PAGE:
Reinforcing it

This step can be reinforced in the classroom by encouraging learners to set their own goals and make plans to achieve them. This might be linked to learning goals, completing projects or broader activities. For older learners, this might be related to qualifications or college and university applications. 

Assessing it 

This step can be assessed through an extended project or challenge where learners are responsible for creating a plan to achieve a goal. If an extended project is not possible, then a shorter planning activity might be sufficient.

Build this step

Advice for


Build it at work:

This step is relevant to individuals who can help themselves to succeed by making plans to achieve goals.

To build this step in the work environment, managers could:

  • Discuss with the individual the different types of resources that might be needed for different kinds of tasks, gathering ideas together in a mind map. Here, the manager might how securing resources is essential to achieve goals: goals are broken up into tasks, which then use resources to complete. 
  • Model to an individual how a goal can be broken down into tasks, and how to identify the resources that would be needed to complete them.
  • Task an individual to complete an exercise that is about taking a goal and then identifying the tasks (reinforcing Step 7) and resources they need to achieve this goal. Ideally, this would be based around a real goal for them.
  • Reflect with the individual, after they complete the exercise, about which resources they identified as essential and why.

Practising it:

There are plenty of opportunities for building this skill in the workplace:

  • Working with colleagues: When setting goals and making plans to achieve them, with a focus on identifying resources to help support this.
  • Working with customers or clients: When working to achieve a result for a customer or client, which requires careful planning first. 

Reviewing it:

For those already employed, this step is best assessed through a discussion and observation. For instance:

  • A manager discuss with an individual an upcoming situation which will require them to turn a goal into plan. Evidence of this skill step can be found in the individual referencing some of the techniques to secure the right resources to achieve the goal.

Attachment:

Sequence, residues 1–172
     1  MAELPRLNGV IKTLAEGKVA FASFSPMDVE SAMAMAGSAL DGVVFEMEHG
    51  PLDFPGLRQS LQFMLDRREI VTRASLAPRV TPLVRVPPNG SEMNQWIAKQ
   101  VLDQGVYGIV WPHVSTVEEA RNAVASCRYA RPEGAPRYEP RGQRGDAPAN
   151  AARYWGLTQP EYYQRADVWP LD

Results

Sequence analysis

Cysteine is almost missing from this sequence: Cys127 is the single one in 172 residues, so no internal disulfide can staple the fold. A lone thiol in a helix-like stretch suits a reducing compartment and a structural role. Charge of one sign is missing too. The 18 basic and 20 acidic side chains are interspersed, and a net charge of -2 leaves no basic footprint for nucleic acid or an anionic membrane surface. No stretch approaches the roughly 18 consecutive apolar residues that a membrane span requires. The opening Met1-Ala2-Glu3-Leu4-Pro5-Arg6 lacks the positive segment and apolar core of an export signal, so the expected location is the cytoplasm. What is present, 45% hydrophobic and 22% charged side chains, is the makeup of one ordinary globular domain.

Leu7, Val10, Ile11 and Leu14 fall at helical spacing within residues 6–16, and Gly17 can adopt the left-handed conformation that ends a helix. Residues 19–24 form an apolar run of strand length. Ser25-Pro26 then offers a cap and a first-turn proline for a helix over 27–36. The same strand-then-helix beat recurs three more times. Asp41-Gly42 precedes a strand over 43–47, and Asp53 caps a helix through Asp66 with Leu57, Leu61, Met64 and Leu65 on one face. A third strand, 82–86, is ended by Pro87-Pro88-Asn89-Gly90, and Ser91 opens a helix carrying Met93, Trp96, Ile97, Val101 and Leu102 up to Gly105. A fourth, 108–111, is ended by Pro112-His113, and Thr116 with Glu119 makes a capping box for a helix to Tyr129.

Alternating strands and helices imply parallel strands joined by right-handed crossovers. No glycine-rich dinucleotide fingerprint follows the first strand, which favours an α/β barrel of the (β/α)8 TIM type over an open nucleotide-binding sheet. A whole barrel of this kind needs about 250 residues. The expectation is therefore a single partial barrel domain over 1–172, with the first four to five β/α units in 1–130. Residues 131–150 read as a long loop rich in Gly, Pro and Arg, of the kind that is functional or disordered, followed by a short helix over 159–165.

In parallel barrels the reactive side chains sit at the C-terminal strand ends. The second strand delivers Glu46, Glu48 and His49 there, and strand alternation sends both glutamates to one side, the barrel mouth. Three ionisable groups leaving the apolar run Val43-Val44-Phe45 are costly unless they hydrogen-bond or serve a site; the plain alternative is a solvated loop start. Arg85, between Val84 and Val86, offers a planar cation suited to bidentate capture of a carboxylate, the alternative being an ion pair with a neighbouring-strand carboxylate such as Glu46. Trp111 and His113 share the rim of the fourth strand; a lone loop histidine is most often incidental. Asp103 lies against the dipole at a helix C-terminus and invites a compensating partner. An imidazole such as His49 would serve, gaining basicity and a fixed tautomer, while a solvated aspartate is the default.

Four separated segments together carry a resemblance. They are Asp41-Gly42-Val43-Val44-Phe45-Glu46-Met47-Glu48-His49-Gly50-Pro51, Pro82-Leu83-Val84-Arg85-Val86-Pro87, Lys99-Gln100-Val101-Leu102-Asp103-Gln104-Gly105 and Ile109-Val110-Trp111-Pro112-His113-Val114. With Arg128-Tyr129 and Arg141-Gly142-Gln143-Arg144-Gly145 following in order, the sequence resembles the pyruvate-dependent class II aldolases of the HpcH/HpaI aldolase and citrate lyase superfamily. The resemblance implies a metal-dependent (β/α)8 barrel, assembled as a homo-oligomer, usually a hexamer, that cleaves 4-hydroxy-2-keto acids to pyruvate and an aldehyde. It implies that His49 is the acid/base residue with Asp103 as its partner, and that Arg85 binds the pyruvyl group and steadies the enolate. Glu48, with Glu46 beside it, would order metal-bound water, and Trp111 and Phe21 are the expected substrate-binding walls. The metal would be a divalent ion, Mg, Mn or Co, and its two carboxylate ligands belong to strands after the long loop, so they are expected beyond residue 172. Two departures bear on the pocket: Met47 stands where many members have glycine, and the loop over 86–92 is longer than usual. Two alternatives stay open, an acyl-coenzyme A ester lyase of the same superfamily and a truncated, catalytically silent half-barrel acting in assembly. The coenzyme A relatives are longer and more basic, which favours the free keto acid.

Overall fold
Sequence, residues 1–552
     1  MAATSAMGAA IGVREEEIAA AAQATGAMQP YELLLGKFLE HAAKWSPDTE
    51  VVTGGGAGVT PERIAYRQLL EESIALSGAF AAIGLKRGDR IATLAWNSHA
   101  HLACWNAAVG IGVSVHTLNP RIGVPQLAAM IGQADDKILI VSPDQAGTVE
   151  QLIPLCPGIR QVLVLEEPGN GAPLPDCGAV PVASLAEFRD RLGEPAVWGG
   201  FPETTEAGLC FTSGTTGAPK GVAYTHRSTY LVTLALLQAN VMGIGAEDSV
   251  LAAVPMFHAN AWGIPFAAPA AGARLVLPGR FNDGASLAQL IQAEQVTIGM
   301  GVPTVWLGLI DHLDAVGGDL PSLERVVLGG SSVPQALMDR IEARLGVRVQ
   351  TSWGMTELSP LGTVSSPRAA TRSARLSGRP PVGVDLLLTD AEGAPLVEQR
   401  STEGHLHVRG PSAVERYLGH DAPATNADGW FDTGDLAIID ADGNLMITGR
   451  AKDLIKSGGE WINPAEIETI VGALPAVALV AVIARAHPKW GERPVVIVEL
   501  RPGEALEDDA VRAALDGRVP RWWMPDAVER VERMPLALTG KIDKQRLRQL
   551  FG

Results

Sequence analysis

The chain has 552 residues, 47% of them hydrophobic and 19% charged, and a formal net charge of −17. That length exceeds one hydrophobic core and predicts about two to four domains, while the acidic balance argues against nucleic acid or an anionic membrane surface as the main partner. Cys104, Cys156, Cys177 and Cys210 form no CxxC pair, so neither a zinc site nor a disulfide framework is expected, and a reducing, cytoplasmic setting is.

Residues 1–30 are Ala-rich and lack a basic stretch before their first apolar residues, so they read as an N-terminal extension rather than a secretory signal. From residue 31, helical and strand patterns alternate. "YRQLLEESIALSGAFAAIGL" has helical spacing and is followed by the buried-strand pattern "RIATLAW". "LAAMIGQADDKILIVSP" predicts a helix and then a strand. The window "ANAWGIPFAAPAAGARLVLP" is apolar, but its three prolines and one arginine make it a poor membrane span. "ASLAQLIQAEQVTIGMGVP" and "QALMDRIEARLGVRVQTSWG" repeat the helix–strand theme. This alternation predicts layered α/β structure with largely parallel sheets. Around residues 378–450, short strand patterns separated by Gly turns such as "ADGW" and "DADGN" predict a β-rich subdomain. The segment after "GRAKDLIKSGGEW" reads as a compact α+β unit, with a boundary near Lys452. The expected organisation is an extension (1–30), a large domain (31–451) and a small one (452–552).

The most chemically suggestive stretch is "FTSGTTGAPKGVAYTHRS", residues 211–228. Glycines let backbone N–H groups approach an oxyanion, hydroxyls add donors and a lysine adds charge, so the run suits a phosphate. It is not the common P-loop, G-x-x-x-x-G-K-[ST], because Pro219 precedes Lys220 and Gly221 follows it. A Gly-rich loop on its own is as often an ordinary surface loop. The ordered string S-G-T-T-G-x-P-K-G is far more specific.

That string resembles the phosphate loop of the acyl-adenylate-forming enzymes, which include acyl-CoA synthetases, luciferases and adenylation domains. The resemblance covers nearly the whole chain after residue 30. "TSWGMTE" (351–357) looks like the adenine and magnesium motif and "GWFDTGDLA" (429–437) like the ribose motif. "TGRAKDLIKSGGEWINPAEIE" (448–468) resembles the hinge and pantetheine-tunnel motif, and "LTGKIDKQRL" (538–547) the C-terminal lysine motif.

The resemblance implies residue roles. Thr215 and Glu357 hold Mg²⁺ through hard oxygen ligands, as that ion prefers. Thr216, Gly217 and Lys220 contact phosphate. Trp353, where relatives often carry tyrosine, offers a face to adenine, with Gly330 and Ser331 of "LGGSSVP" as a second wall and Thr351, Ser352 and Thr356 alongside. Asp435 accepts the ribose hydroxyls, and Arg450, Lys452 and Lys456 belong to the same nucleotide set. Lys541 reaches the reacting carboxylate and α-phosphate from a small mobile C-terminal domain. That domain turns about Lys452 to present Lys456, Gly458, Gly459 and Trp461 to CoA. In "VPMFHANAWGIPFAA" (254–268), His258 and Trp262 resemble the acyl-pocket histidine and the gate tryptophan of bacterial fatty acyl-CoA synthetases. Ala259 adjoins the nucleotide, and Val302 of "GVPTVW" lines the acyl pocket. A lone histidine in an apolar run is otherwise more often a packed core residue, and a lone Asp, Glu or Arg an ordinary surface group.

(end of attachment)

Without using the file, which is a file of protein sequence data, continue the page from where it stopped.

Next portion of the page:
• A manager can also observe whether the individual is able to identify and secure resources to enact their plans.

Spotting it in recruitment: 

During the recruitment process, this step could be assessed for by:

  • Questioning the individual about where they have made plans before, and secured the resources to enact those plans.
  • Setting an assessment exercise requiring the individual to develop a plan to achieve a goal and explain how they would go about delivering it. If it is not clear in their plan, an interviewer might ask questions to find evidence the individual has given consideration to what resources they need and how they might secure them.

Build this step

Advice for


We work with a wide range of organisations, who use the Skills Builder approach in lots of different settings – from youth clubs, to STEM organisations, to careers and employability providers.

We have a lot of materials available to support you to use the Skills Builder Universal Framework with the individuals you work with, including:

  • Tools for self-reflection
  • Materials to support you to teach the skills, if appropriate in your setting
  • Reward systems like printable certificates

We also do a lot of work with organisations who join the Skills Builder Partnership to build the Universal Framework into their work and impact measurement systems. You can find out a lot more using the links below.

More resources

Advice for


As an individual, you might be thinking about how best to support your own essential skills. The good news is that there is lots that you can do that will have a big impact, including:

  • Looking at the Universal Framework to spot skill steps that you think you need to work on. It is normally best to start from the lowest step that you don’t feel confident on, and go from there.
  • Keeping a record of the skill steps that you want to work on, and writing down when you practice them, and when you feel you are making progress.
  • Talk to someone you trust about what you are trying to do – whether a teacher, family member, manager or a peer. They can help give you feedback on how you are doing, and celebrate your progress with you.

We’ve developed a whole series of tools and resources to help you to build these skills, including:

  • Short activities that you can use to build the essential skills
  • Regular challenges to put those skills into action
  • Ways to record and capture your essential skills, so you can see progress and talk to other people about how you are getting on

Build this step

Advice for

Parents & Carers

As a parent or carer, you might be thinking about how best to support your children to build their essential skills. The good news is that there is lots that you can do that will have a big impact, including:

  • Talking about how you use these skill steps in your own life
  • Trying to show how to use the skill steps, and explaining why you are doing what you are doing
  • Praising your children when they show they are using the skills well, and help them to see that as a worthwhile achievement

We’ve developed a whole series of tools and resources to help parents to build these skills, including:

  • Skill stories for the youngest children (aged 3+)
  • Short activities that you can complete together
  • Regular challenges that you can complete at home to build the essential skills
  • Reward systems like printable certificates and badges

There is also content for older children and young people, including short activities and reflections that they can complete alone, or with you.

Build this step